Adventures in Amusement Parks: EDA World, Kaoshiung

Every year the schools treat their Grade 6 students to an outing to celebrate them finishing primary school. In Taiwan, Grade 7 is considered the first year of junior high school. Lucky for us, the teachers are also invited to join them! The trip is to a roughly Greek-themed amusement park in Kaoshiung, called Eda World.

If you’re expecting Disney Taiwan, you will probably be disappointed. It’s a small park, with just a few rides, but it has all of the essentials for a good time! There are bumper cars, a merry-go-round, a Ferris wheel, two small roller-coasters and one big one, a haunted house, and two unnecessarily high, unnecessarily fast rides for crazy people who think being upside down is fun.

The Greek theme provides a good source of entertainment, as the decor was clearly done by someone who just did a Google image search of “Greece”. Overall, the aesthetic ancient Greek. The centre piece is a huge Trojan horse, around which the monorail track curves. One of the adrenaline rush rides is watched over by Polyphemus the cyclops and Odysseus. The big roller-coaster is partly a water ride, and is presided over by Poseidon and various water creatures. However, it goes a bit wrong when you encounter the big, three-headed dragon, wrapped around a distinctly Medieval looking castle tower. The parks mascots are also an interesting mix: Eda the Rhino, DianDian the Pelican and Donkey the… Donkey, are accompanied by Apollo and his sister… Diana? Oh well, close enough, right? The gift shop section of the park has been done up to look like Mykonos – not exactly ancient, but at least it’s Greek! And it is very pretty!

(Note: Apologies for poor photo quality – I forgot to charge my camera battery, and had to use my phone camera for most of these)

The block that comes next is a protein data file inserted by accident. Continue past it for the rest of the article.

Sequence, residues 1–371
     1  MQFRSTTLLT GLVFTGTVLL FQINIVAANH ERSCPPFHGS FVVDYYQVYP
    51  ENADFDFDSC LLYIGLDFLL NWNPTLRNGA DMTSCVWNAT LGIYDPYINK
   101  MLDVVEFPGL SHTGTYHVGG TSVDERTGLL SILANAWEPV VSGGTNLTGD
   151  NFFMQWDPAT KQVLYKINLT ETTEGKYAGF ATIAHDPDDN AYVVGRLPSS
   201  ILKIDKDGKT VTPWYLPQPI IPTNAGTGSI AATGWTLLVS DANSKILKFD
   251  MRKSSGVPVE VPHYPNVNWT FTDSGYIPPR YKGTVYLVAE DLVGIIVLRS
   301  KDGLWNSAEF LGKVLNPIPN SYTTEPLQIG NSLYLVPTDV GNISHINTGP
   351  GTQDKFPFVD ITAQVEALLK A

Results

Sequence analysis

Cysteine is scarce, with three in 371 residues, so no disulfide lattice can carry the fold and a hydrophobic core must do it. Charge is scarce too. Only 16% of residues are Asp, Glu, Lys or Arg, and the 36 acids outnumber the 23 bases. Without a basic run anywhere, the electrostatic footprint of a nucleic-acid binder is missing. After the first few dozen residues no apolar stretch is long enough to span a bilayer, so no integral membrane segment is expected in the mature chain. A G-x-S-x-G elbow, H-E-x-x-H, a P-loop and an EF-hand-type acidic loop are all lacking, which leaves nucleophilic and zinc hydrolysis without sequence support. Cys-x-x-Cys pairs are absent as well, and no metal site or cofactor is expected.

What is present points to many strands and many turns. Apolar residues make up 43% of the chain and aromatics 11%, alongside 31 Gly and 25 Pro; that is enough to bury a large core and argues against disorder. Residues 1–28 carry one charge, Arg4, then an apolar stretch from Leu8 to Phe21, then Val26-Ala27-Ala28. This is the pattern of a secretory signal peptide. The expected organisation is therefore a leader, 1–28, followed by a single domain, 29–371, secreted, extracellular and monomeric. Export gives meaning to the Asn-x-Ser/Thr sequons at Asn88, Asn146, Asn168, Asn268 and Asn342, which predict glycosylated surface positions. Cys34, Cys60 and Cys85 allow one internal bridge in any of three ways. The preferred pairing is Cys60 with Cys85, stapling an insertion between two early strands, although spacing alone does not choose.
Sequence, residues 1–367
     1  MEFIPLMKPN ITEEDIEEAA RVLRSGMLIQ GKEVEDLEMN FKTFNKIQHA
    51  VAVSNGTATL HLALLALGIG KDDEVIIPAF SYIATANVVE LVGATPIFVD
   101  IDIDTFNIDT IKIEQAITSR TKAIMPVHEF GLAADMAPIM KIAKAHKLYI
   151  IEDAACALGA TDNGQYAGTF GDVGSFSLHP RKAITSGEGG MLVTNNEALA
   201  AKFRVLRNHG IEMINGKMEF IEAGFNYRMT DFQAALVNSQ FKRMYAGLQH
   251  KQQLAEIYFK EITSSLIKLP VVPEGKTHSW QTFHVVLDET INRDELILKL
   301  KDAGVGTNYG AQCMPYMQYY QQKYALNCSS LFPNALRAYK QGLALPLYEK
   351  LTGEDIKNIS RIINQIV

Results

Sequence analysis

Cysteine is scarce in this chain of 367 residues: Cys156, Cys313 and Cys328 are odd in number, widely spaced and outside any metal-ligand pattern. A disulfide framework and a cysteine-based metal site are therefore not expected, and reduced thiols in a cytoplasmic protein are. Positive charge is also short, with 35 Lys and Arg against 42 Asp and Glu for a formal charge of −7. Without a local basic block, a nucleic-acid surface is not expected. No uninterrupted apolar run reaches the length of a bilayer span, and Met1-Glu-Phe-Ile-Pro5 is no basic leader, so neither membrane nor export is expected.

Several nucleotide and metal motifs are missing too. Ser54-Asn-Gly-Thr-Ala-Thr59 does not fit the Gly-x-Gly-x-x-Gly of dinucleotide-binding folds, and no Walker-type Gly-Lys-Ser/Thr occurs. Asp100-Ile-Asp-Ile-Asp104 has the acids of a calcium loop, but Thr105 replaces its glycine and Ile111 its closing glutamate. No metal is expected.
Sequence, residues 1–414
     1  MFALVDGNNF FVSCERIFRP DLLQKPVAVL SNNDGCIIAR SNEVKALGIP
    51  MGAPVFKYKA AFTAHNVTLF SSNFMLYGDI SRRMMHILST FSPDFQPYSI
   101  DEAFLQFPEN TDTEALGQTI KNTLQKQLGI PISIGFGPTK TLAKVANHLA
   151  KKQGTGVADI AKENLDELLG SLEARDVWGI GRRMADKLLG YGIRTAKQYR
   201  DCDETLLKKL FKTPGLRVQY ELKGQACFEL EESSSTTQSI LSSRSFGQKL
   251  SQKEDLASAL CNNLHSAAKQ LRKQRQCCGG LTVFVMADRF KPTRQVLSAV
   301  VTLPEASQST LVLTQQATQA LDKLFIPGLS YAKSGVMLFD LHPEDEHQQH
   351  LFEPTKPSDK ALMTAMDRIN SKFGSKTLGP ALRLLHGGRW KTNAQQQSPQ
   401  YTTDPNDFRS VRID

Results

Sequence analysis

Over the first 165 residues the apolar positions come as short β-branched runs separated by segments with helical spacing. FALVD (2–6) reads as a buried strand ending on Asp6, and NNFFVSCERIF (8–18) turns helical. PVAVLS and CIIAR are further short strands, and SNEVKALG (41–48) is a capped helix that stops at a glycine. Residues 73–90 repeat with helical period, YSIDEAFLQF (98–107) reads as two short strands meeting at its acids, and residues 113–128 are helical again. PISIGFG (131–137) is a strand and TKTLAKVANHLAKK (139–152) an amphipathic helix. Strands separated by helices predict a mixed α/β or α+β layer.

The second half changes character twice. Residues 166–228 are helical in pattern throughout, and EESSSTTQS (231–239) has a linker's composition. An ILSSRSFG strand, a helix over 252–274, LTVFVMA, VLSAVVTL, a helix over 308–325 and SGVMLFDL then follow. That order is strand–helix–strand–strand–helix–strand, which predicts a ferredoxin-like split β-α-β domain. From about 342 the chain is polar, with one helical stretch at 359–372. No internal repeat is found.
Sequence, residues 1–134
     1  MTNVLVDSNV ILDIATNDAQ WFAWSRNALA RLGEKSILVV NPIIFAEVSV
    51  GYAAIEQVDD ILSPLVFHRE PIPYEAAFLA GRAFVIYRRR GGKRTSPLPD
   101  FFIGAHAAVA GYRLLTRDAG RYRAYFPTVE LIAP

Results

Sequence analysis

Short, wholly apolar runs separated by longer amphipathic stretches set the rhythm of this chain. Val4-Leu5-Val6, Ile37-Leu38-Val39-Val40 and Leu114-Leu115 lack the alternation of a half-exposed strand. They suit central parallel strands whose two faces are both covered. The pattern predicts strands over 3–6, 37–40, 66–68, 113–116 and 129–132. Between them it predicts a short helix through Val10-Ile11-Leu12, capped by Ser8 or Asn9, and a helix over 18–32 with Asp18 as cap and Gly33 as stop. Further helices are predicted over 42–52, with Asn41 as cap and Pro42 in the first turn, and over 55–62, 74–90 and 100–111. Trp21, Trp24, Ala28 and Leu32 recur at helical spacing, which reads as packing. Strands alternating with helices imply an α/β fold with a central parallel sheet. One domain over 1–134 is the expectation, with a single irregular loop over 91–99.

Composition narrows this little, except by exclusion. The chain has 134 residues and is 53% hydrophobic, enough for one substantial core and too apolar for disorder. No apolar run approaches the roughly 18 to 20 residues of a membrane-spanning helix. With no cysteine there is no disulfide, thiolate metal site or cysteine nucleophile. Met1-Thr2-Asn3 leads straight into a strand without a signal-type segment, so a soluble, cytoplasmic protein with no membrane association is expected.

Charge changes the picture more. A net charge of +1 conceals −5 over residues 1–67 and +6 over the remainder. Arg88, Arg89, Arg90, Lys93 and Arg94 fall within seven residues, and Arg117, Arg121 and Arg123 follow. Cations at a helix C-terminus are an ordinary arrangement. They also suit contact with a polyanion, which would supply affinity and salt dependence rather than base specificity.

Overall, the park is good fun! Once you pay your entrance fee, all the rides and attractions are free, so you can do everything as many times as you like. We were also there on a quiet weekend, so the queues were short, which made everything much more enjoyable! The park is also joined to a very big mall, so if you get tired of the rides or need a break from the sun, there are plenty of shops and restaurants available.

While this isn’t the sort of park you could spend the whole day in, it is definitely a fun place to visit, especially with a group of fun friends. There’s something for everyone and, as is typical of Taiwan, it’s a relaxed and safe environment to wander at your own pace.

 

Teaching at Neurolink

We’ve been teaching for just over 6 weeks now, so it’s about time we posted something about what our actual reason for coming to Taiwan.

Almost everyone has asked us what the children are like. The short answer is that children are the same everywhere. Some of them are wonderful, some of them are an absolute nightmare. There are students who are excellent at English, some who work very hard, and some who would probably rather put out their own eyes than be in the classroom. Naturally, every teacher has their favourites, and often this is very much due to the teacher’s personality. One teacher in the Changhua school tends to really like the more cocky students, while another finds it rude and disrespectful. Over time, you learn to just accept that everyone has different preferences, and not to get offended when someone says they hate a student you like, or vice versa.